Since phosphorus (P) is an essential element for life, its usage and application across agricultural production systems requires great attention. Monogastric species such as pigs and poultry can significantly contribute to global food security but these animals remain highly dependent on the supply of mineral inorganic P in their feeds. Pig and poultry, which represent 70% of the global meat production, are also major P excretors and thus represent important sources of environmental P inputs. Balancing the P cycle within farming systems is crucial to achieve P sustainable and resilient livestock production. Therefore, the interconnection of animal feed, livestock farming, manure, and soil/aquatic ecosystems requires multidisciplinary approaches to improve P management. With regard to a sustainable agricultural P cycle, this study addresses aspects of feeding strategies and animal physiology (e.g., phase feeding, P conditioning, liquid feeding, phytase supplementation, genetics), soil agroecosystems (e.g., P cycling, P losses, P gains), reuse and recycling (e.g., manure, slaughter waste), measures of farmers’ economic performance (e.g., bio-economic models), and P governance/policy instruments (e.g., P quota, P tax). To reconcile the economic and ecological sustainability of animal husbandry, the strategic objective of future research will be to provide solutions for a sufficient supply of high-quality animal products from resource-efficient and economically competitive agro-systems which are valued by society and preserve soil and aquatic ecosystems.

Oster, M., Reyer, H., Ball, E., Fornara, D., Mckillen, J., Ulrich Sørensen, K., Damgaard Poulsen, H., Andersson, K., Ddiba, D., Rosemarin, A., Arata, L., Sckokai, P., Magowan, E., Wimmers, K., Bridging Gaps in the Agricultural Phosphorus Cycle from an Animal Husbandry Perspective-The Case of Pigs and Poultry, <<SUSTAINABILITY>>, 2018; 10 (6): 1-14. [doi:10.3390/su10061825] [http://hdl.handle.net/10807/121942]

Bridging Gaps in the Agricultural Phosphorus Cycle from an Animal Husbandry Perspective-The Case of Pigs and Poultry

Arata, Linda;Sckokai, Paolo;
2018

Abstract

Since phosphorus (P) is an essential element for life, its usage and application across agricultural production systems requires great attention. Monogastric species such as pigs and poultry can significantly contribute to global food security but these animals remain highly dependent on the supply of mineral inorganic P in their feeds. Pig and poultry, which represent 70% of the global meat production, are also major P excretors and thus represent important sources of environmental P inputs. Balancing the P cycle within farming systems is crucial to achieve P sustainable and resilient livestock production. Therefore, the interconnection of animal feed, livestock farming, manure, and soil/aquatic ecosystems requires multidisciplinary approaches to improve P management. With regard to a sustainable agricultural P cycle, this study addresses aspects of feeding strategies and animal physiology (e.g., phase feeding, P conditioning, liquid feeding, phytase supplementation, genetics), soil agroecosystems (e.g., P cycling, P losses, P gains), reuse and recycling (e.g., manure, slaughter waste), measures of farmers’ economic performance (e.g., bio-economic models), and P governance/policy instruments (e.g., P quota, P tax). To reconcile the economic and ecological sustainability of animal husbandry, the strategic objective of future research will be to provide solutions for a sufficient supply of high-quality animal products from resource-efficient and economically competitive agro-systems which are valued by society and preserve soil and aquatic ecosystems.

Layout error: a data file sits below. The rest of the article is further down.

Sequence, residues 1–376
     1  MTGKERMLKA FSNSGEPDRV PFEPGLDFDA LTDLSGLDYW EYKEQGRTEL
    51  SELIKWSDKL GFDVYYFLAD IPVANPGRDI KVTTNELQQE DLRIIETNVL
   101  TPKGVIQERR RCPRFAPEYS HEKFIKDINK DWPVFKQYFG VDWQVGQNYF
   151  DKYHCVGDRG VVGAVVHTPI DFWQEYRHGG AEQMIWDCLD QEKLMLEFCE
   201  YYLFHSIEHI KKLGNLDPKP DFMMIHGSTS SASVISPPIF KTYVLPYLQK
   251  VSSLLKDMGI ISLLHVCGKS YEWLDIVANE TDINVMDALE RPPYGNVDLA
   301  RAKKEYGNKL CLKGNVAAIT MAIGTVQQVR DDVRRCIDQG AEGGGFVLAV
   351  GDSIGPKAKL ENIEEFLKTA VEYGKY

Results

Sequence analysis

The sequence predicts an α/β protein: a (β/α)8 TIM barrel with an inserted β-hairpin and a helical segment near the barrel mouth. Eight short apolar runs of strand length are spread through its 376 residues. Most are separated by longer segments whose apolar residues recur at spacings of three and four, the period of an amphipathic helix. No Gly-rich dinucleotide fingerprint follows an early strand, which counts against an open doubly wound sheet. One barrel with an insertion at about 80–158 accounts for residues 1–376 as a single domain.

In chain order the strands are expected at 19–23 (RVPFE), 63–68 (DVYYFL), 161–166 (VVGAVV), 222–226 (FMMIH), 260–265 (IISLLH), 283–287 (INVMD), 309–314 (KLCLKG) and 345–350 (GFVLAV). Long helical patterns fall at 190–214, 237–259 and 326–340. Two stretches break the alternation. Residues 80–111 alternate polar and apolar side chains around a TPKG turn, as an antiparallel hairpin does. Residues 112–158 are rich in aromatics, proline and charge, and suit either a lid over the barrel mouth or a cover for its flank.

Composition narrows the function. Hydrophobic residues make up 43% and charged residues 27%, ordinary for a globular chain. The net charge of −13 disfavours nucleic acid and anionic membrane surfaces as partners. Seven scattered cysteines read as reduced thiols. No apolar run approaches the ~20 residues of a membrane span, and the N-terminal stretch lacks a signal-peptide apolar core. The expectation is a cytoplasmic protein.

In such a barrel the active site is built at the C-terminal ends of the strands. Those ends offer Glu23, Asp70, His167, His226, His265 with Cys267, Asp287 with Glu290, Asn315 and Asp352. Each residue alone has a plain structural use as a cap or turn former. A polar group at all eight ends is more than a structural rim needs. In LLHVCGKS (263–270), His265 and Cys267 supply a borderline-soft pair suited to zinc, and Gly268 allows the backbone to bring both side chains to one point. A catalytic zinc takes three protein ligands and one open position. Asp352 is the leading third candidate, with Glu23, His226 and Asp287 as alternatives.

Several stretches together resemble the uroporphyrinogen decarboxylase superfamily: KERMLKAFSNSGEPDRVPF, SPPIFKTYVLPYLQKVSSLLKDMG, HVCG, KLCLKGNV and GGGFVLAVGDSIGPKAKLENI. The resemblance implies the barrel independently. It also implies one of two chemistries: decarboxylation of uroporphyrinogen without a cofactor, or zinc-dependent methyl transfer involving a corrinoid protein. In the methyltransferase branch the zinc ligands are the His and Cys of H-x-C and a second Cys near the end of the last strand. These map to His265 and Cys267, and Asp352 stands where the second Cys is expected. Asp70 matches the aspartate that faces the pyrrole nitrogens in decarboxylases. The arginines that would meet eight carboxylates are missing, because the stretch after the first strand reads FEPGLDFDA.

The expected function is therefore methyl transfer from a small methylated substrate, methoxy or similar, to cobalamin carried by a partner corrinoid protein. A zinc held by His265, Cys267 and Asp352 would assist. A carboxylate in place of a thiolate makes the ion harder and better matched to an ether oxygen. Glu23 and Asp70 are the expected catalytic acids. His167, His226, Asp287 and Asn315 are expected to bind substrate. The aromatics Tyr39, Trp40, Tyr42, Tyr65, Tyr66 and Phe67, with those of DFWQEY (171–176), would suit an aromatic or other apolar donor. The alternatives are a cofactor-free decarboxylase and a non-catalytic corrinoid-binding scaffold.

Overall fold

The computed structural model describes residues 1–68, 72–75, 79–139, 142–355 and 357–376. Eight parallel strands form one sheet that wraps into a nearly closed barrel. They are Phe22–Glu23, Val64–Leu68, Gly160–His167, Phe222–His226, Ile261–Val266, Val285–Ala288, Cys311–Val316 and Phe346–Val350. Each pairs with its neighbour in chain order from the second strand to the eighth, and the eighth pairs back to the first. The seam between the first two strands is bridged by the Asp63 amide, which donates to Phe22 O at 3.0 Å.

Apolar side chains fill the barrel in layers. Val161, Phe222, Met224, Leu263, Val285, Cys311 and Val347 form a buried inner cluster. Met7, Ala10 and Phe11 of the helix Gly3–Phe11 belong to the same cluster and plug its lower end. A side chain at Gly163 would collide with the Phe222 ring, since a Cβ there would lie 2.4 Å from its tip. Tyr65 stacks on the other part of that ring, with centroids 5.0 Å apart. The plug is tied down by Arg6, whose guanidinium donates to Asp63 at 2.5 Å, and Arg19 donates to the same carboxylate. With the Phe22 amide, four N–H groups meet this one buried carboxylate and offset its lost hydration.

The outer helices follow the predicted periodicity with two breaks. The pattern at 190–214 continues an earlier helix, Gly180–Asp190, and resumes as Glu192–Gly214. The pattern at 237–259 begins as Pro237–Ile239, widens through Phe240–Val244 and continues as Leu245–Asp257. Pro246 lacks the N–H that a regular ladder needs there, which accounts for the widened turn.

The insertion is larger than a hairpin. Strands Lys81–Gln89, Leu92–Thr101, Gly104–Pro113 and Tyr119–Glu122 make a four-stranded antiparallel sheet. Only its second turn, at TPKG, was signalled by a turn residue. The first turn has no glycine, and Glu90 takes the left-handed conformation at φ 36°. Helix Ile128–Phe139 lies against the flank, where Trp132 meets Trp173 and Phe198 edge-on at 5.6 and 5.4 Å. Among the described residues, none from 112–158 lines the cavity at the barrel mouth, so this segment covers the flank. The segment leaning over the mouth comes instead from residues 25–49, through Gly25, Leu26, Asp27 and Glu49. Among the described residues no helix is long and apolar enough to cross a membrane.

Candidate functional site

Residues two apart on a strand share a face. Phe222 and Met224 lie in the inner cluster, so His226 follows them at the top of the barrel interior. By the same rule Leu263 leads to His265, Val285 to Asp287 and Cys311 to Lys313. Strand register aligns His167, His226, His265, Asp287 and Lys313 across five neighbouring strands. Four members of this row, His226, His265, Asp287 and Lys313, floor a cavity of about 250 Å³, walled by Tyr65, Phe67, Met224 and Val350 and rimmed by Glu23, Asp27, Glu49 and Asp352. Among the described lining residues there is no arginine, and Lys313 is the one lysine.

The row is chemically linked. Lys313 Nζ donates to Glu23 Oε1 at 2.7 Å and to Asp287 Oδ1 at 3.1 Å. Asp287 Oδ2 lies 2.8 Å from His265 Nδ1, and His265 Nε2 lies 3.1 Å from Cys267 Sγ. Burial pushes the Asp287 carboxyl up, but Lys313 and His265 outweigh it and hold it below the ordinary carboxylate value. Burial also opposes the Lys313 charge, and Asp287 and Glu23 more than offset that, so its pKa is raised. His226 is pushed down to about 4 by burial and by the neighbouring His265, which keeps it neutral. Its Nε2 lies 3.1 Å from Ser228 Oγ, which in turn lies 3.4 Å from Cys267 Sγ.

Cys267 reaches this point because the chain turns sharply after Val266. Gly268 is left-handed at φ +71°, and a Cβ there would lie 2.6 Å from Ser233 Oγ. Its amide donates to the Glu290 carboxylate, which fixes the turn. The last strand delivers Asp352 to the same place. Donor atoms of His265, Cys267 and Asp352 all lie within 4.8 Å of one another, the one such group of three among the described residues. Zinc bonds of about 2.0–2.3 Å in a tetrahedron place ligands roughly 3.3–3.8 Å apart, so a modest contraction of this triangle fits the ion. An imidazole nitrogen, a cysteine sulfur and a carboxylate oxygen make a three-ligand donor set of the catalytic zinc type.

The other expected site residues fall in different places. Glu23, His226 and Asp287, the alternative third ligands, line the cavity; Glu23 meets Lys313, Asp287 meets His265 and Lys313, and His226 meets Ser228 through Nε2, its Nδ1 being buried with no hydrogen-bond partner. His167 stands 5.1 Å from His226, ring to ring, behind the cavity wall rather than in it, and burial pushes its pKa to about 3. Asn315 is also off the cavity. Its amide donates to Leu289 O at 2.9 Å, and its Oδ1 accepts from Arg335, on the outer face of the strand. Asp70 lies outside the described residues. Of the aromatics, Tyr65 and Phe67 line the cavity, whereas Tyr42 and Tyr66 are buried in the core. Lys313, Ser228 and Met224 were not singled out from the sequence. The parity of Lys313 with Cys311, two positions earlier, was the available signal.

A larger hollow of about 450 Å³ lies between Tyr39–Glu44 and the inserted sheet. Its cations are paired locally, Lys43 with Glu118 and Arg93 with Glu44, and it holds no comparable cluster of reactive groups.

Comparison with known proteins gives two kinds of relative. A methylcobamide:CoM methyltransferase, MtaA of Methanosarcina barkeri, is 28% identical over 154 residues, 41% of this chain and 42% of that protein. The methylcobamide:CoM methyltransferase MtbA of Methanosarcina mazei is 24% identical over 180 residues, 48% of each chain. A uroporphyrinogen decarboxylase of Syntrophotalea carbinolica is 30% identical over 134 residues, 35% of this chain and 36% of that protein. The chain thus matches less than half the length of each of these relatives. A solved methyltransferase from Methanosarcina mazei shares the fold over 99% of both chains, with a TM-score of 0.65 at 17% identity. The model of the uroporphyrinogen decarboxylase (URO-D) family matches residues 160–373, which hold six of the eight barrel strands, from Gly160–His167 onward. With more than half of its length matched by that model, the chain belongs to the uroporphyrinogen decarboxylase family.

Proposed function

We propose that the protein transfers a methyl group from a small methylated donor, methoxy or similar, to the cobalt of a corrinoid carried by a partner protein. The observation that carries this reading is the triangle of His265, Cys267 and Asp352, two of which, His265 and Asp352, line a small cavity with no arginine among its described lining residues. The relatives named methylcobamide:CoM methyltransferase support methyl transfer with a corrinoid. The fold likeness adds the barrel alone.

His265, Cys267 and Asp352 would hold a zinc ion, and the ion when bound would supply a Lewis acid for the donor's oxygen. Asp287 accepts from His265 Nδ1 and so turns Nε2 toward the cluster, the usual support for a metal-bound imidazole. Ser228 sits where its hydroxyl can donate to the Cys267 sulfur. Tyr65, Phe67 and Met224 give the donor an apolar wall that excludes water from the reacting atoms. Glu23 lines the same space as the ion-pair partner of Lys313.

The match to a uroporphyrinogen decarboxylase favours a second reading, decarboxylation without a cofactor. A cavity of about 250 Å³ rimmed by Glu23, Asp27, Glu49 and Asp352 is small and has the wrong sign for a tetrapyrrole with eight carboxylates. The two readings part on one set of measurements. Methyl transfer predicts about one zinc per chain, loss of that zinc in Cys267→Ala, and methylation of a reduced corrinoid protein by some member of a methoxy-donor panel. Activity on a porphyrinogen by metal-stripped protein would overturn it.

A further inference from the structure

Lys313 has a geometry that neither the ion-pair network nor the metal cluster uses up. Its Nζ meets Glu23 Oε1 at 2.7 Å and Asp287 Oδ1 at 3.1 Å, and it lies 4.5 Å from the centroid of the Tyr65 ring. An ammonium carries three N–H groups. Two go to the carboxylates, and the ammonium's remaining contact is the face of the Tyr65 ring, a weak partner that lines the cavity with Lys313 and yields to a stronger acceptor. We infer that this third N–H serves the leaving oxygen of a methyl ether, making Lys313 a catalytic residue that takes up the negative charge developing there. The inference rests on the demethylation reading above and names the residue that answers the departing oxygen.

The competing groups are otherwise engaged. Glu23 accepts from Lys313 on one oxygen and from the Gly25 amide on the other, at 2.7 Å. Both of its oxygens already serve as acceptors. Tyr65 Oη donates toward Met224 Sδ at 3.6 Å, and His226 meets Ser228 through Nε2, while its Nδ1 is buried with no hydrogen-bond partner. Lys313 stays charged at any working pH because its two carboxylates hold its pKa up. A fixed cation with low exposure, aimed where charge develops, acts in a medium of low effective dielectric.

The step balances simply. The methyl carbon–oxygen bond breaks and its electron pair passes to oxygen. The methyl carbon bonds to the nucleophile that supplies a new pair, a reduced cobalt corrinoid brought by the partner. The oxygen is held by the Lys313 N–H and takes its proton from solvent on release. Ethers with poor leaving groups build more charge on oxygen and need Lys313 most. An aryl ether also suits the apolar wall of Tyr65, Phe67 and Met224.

Inglese
Oster, M., Reyer, H., Ball, E., Fornara, D., Mckillen, J., Ulrich Sørensen, K., Damgaard Poulsen, H., Andersson, K., Ddiba, D., Rosemarin, A., Arata, L., Sckokai, P., Magowan, E., Wimmers, K., Bridging Gaps in the Agricultural Phosphorus Cycle from an Animal Husbandry Perspective-The Case of Pigs and Poultry, <<SUSTAINABILITY>>, 2018; 10 (6): 1-14. [doi:10.3390/su10061825] [http://hdl.handle.net/10807/121942]
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